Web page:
My rating: 5 of 5 stars
This book, this amazing tour de force, was a joy to read. Not only because it was written by the revered Melina Marchetta, but also because it is a well-paced, intriguing mystery/suspense novel. Honestly, is there nothing this author cannot do?
Tell the Truth, Shame the Devil begins with a phone call, as many great mysteries do, communicating to Bish Ortley that a bomb has exploded on his daughter’s tour bus in Calais. Bish, currently suspended from the Met, races through the Channel Tunnel not knowing what he will find at the other end. We know early on that the relationship between father and daughter is strained.
“a postcard from Bee: You said to send you a line from Normandy. That was it. No Dear Dad or Miss you heaps. As someone used to spending his days dealing with the scum of the earth, Bish Ortley found no species crueller than the adolescent female.”
As the tale progresses, we get a better picture of Bish as a flawed and struggling man – one who still carries enormous guilt over the death of his son – and a man who has to learn to like himself again.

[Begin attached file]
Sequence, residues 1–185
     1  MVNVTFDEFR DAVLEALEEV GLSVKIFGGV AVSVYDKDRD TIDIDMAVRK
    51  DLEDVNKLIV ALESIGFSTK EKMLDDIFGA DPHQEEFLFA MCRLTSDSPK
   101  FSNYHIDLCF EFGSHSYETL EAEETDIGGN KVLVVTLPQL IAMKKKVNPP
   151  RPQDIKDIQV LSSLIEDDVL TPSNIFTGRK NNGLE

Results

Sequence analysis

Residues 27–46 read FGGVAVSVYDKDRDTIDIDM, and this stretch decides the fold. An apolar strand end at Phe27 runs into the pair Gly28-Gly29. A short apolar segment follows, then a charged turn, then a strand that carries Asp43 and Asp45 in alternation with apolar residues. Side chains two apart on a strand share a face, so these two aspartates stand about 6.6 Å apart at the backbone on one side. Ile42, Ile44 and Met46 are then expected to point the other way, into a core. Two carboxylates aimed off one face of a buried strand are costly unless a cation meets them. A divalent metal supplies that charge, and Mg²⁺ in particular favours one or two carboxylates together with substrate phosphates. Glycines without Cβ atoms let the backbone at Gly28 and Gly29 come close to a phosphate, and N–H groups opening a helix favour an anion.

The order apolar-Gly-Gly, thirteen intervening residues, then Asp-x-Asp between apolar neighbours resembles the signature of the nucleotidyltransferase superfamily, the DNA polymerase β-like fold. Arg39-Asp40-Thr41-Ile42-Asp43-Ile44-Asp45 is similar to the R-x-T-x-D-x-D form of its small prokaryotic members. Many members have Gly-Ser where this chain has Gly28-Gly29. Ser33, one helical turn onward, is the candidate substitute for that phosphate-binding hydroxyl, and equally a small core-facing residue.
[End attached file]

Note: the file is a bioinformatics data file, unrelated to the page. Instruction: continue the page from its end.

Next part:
Bish gets drawn into the investigation of the bombing courtesy of a former school friend, Elliot, who now works for the shadowy “Home Office”. Bish is sent running all over the countryside at Elliot’s beck and call as two students from the tour- Violette and Eddie- go missing. Violette’s mother, Noor, is in prison for a bombing years before and Bish put her there. Now it is a race against time to find Violette and Eddie to determine if they had anything to do with the bus disaster, and also to protect them in case they didn’t and were in fact the intended victims of a revenge plot. Bish’s relationship with daughter Bee becomes inextricably linked to his search for Violette and Eddie – a quest for redemption.
Twists and turns abound. Marchetta certainly knows how to push a story along, and while Bish, his mother Saffron, and Noor are the central adult characters I found the teenagers in the novel were the characters who really drove the plot. Everything that happens in the book depends on what the kids do or don’t do. What they say or don’t say. This is the genius of this story. No matter what, all the young people are where the plot pivots into new directions. And these kids are smart, resourceful and more self-aware than most of the adults, which is really refreshing too. I don’t want to say too much more because half the joy of this book is the careful and meticulous unfolding of the narrative and I have an anti-spoiler policy. I will say that this is a fantastic new direction for Marchetta, which will open her writing up for a whole new audience, as well as amply satisfying her existing fans. I’m actually kinda jealous.
For ages 15 and up